Diocesan News

Bushwick Youth Gear Up to Pray with Pope

Alejandrina Ochoa, right, poses with members of the Knights of Columbus at St. Brigid Church, Bushwick, as they bring a donation to the parish’s World Youth Day pilgrims. The motor scooter will be raffled as part of the group’s fundraising efforts.
Alejandrina Ochoa, right, poses with members of the Knights of Columbus at St. Brigid Church, Bushwick, as they bring a donation to the parish’s World Youth Day pilgrims. The motor scooter will be raffled as part of the group’s fundraising efforts.

Young people from St. Brigid Church, Bushwick, will be among the 400 pilgrims from the Diocese of Brooklyn who would head to this year’s World Youth Day in Krakow, Poland, July 26-31. This will mark the first time that the Brooklyn parish will be represented at a World Youth Day (WYD) and the pilgrims could not be more excited.

“We have 28 young people going in this first (WYD) pilgrimage as a parish,” added Father Jorge Ortiz, administrator. “They will see the living church, the values and faith we lived and how that opens us to the possibility to be icons of Christ on earth.”

The group – which includes a total of 36 pilgrims – has been preparing to attend this celebration of faith for two years, fundraising and deepening their faith at Masses and parish and diocesan events. The young people’s ages range from 16 to 26.

Anahí Naranjo, 21, said she is grateful for the opportunity to meet young people from around the world who share the Catholic faith.

“We will see how we all speak different languages and come from different places but have this in common,” she said. “To share that time with Pope Francis will be incredible.”

“Sometimes it’s hard to find time for your faith. Even though this is when you need it the most,” said Naranjo, a college student who is originally from Ecuador. “Going to World Youth Day will remind us what life is all about.”

The group has overcome many challenges during their preparation including raising enough money to pay for the pilgrimage fees.

Alejandrina Ochoa, 17, a pilgrim who is also involved in the parish’s Jornada Movement, said the youth have been working hard by selling food after Mass to raise money for the pilgrimage.

She was thankful for the support of parishioners, especially groups like the Knights of Columbus who have donated items for raffles. Other families – whose children were not able to go to Poland ­– sold chocolates to help the youth fundraise.

“We are mostly immigrants in our community and our families don’t have that much money,” Naranjo said. “We thought that fundraising was going to be difficult but people at the parish had faith in us.”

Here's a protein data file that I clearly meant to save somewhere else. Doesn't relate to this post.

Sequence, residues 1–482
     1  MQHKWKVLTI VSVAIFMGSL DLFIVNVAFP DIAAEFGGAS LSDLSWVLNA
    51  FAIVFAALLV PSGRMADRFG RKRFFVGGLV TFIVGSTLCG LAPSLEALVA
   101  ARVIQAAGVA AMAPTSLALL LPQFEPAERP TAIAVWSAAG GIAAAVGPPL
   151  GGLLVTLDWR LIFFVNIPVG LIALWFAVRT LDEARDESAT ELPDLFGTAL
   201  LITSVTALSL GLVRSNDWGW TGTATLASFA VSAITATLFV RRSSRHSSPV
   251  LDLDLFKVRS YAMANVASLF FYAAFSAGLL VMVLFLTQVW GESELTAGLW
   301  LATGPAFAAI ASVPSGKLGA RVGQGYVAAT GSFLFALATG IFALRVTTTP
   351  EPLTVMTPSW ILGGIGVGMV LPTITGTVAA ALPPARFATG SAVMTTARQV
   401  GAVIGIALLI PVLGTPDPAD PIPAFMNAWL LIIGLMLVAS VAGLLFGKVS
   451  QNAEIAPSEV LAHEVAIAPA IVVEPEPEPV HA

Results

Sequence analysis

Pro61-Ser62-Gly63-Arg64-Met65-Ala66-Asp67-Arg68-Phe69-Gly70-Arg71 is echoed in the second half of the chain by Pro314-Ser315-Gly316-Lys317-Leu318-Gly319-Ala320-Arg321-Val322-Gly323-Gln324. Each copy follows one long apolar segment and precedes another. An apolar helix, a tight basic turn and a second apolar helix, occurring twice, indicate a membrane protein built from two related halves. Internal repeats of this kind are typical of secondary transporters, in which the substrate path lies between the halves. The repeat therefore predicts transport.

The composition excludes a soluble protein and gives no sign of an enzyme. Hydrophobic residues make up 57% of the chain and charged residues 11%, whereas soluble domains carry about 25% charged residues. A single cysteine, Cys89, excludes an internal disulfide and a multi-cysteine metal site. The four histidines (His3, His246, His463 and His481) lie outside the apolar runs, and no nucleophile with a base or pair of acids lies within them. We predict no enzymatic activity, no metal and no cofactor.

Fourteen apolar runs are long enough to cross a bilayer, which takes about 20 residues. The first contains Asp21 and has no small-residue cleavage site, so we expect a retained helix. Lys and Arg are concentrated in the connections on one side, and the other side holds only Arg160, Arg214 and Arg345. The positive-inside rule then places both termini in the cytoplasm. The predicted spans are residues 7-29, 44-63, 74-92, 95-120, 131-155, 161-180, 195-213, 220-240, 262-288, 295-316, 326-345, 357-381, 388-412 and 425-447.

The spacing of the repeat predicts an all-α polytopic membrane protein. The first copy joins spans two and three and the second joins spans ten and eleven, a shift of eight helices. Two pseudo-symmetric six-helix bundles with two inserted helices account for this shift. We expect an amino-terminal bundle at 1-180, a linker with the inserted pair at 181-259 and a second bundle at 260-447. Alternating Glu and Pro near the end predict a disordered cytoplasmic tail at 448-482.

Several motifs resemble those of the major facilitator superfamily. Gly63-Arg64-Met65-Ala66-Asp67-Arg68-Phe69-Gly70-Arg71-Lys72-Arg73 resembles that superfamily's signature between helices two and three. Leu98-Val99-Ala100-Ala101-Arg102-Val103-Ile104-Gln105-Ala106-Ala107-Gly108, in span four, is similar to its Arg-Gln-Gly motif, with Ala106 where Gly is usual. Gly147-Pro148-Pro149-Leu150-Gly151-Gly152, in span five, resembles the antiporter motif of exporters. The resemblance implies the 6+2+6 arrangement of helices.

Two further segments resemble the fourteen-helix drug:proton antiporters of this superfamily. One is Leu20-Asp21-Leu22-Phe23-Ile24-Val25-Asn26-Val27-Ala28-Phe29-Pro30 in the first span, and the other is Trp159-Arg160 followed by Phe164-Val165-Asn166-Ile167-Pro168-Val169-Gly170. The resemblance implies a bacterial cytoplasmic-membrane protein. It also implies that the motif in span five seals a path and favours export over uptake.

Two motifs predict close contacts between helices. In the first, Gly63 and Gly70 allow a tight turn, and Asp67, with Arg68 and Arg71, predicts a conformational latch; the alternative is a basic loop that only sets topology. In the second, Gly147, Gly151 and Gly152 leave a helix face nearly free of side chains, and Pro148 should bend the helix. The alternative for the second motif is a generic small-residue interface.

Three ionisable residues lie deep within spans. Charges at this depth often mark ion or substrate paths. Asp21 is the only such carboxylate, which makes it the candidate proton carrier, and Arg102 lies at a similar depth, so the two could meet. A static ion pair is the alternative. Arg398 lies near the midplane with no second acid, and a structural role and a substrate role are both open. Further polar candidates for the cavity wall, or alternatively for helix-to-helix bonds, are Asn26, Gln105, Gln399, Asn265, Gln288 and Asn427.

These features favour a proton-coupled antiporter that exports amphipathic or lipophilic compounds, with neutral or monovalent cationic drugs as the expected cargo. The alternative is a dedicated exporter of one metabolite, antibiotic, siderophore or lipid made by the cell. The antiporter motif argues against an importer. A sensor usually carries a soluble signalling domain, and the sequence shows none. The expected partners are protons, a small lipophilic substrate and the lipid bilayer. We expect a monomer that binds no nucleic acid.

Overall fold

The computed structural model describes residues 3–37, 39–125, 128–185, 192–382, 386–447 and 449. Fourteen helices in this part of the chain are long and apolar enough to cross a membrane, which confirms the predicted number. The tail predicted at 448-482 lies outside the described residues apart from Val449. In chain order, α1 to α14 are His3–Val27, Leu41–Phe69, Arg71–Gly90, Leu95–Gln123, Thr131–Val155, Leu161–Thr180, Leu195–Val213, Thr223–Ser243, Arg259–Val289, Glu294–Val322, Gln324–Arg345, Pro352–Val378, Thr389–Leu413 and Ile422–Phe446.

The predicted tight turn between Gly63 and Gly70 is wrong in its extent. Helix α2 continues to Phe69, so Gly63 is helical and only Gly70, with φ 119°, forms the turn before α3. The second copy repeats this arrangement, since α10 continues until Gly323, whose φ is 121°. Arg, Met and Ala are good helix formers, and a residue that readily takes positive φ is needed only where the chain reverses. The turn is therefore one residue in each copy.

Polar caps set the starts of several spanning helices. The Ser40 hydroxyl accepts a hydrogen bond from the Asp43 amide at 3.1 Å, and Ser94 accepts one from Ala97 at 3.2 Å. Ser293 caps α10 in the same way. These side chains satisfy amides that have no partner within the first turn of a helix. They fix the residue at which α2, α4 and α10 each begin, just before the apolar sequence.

Their last fundraising event will include a raffle for a motor scooter, a TV and a kindle on July 10. All items were donated to help the youth’s fundraising efforts.

Father Ortiz also thanked the parents of the young people for prioritizing their spiritual growth.

“This is a great opportunity,” Ochoa said. “I know we will come back encouraged and with that fire (of the faith). I hope to share that first at home with family, siblings and also with the whole church.”

Another challenge the group faced had to do with acquiring temporary travel permits for pilgrims who are not permanent residents.

Seven of the pilgrims have Deferred Action for Childhood Arrivals (DACA) status, which allows them to receive a renewable two-year work permit but does not allow for travel outside of the U.S. Father Ortiz said that the parish – with a supporting letter from Father Gerard Sauer, diocesan pilgrimage director – ­ applied for a temporary travel permit for these pilgrims.

“We are waiting to hear back from Homeland Security to see if the permits have been approved,” he said.

These temporary and conditional international travel permits for those with DACA, called advance parole, are issued to allow reentry into the U.S. after a person with DACA travels for humanitarian, employment or educational purposes.

Father Ortiz added that the fact that the pilgrims want to use this temporary permit to live out their faith in Poland – as opposed to visiting their families in their countries of origin – speaks of how important Jesus Christ is to them.

Diana, 24, one of the seven pilgrims waiting to hear back about the temporary travel permit, says that getting the permit and traveling to Poland is up to God’s will. Like many parishioners at St. Brigid, she is originally from Ecuador.

“At the moment I cannot travel but I have faith and I know God acts according to His purpose and His time,” she said. “God’s time is perfect and things happen when He wants and not when you want.”

Diana, who hopes to travel to Poland with her older brother, says that God has opened doors before. Thinking especially of her brother, she hopes they can both increase their trust in God.

“I hope this improves and strengthens my faith,” Diana said. “That I could feel God’s presence in me.”

Saying that God always provides, Father Ortiz added that the pilgrims are ramping up their last efforts before the trip. In addition to one more fundraiser, they are also meeting weekly to prepare spiritually and to be attentive to the inspirations of the Holy Spirit.

“This is not a leisure trip or a chance to be tourists – it is a pilgrimage,” he said. “There will be sacrifices. The young people are looking forward to live their faith with others.”

 

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